As much as we laud automakers for doing whatever they can to make their cars more efficient and kinder to the environment, the truth is that the cars themselves account for a very small part of the overall footprint that manufacturers leave on the planet.
This is why Rimac built its new HQ to be entirely carbon-neutral, and others are following suit. Porsche is doing what it can and Bugatti has committed to carbon neutrality too. Now Volkswagen has outlined its plans for the same goal, under the project name Way to Zero, which will see the brand “decarbonizing the company and its products.”
Volkswagen has already begun building cleaner cars with the ID.4 and its recently revealed high-performance GTX sibling, but the company is still setting greater goals. Like Bugatti, VW intends to be net carbon neutral by 2050 at the latest. In the meantime, it wants to reduce CO2 emissions per vehicle in Europe by 40 percent before 2030 rolls around, a 10 percent lower target than the Volkswagen Group as a whole is aiming for. If it achieves this goal, Volkswagen says that the average VW would emit around 17 tons less CO2. But as we said at the outset, the cars are just one link in the chain.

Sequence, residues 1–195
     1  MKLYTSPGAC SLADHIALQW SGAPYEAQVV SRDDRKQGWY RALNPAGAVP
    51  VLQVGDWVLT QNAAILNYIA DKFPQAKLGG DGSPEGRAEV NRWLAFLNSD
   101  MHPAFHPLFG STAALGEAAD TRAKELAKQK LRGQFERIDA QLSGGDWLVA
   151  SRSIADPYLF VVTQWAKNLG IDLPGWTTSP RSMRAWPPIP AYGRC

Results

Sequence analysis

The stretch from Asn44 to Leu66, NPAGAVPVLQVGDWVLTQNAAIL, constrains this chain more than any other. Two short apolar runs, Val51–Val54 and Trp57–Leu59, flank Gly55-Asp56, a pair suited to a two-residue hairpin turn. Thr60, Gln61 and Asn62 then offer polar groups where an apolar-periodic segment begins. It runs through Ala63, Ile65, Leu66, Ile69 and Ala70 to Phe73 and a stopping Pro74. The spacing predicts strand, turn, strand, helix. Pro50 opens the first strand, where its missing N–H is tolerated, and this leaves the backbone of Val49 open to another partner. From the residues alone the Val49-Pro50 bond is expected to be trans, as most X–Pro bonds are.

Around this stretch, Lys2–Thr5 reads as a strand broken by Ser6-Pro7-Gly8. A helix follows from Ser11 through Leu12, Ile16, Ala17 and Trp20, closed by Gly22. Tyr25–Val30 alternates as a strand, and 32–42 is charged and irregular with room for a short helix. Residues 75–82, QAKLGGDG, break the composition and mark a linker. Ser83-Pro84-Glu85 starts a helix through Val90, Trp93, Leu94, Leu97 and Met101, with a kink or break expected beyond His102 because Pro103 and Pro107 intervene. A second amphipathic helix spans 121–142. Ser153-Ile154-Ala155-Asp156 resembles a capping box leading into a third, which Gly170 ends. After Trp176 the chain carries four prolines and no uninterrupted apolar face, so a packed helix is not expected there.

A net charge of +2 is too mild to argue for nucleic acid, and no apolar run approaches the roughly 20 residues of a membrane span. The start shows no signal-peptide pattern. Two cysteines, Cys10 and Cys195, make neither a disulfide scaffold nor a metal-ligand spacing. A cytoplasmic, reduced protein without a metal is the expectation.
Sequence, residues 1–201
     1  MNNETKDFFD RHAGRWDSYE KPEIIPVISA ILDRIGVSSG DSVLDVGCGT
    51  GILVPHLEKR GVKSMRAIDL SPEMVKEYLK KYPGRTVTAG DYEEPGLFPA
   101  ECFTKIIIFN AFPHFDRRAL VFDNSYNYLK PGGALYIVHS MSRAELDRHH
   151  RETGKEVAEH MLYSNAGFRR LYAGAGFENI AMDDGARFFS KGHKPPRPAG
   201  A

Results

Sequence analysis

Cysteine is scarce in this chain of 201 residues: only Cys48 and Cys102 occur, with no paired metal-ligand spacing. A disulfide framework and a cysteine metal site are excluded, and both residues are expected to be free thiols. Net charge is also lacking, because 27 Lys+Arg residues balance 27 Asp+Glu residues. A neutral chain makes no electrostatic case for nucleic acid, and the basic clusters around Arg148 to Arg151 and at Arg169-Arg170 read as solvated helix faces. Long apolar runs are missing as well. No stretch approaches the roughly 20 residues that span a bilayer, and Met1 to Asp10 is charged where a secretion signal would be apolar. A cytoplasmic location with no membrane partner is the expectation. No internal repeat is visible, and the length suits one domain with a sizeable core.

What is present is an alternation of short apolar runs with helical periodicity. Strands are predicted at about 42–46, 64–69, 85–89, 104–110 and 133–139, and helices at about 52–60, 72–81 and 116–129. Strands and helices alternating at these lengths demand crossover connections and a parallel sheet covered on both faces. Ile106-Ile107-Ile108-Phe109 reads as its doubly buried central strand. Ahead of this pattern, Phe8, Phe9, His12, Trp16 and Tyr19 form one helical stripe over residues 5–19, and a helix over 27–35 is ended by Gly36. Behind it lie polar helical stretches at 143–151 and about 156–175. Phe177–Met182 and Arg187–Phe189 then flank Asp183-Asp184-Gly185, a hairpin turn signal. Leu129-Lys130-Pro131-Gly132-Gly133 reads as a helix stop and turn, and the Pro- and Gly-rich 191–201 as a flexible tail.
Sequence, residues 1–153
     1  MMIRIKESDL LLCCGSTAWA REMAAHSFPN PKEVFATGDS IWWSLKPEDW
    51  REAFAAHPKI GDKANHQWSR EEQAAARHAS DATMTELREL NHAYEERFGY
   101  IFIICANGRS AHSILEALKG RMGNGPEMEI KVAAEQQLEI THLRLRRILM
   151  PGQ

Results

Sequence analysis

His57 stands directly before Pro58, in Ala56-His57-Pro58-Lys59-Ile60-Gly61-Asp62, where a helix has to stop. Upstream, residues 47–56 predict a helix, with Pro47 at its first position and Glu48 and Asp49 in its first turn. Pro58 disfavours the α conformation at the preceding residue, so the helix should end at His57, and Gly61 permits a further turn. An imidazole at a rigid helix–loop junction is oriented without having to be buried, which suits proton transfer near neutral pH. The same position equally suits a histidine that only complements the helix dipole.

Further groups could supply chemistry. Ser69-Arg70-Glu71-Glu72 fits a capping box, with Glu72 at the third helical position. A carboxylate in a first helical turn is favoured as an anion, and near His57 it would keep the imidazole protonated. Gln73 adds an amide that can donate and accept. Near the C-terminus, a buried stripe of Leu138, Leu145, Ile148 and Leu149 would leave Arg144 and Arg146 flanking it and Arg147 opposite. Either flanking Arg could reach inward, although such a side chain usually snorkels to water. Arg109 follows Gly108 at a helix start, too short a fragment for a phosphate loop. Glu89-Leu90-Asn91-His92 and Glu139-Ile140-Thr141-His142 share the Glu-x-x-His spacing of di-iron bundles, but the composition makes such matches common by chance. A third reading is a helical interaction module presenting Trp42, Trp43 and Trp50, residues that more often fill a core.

“As well as accelerating the transition to e-mobility, the production (including supply chain) and operation of electric cars are to be made net carbon neutral,” says Volkswagen. “Added to this is the systematic recycling of the high-voltage batteries from old electric vehicles.”
Along with including battery housings and wheel rims made from green aluminum, tires from low-emission production, and VW’s goal of only using green electricity at all plants besides those in China by 2030, the brand is setting a great example.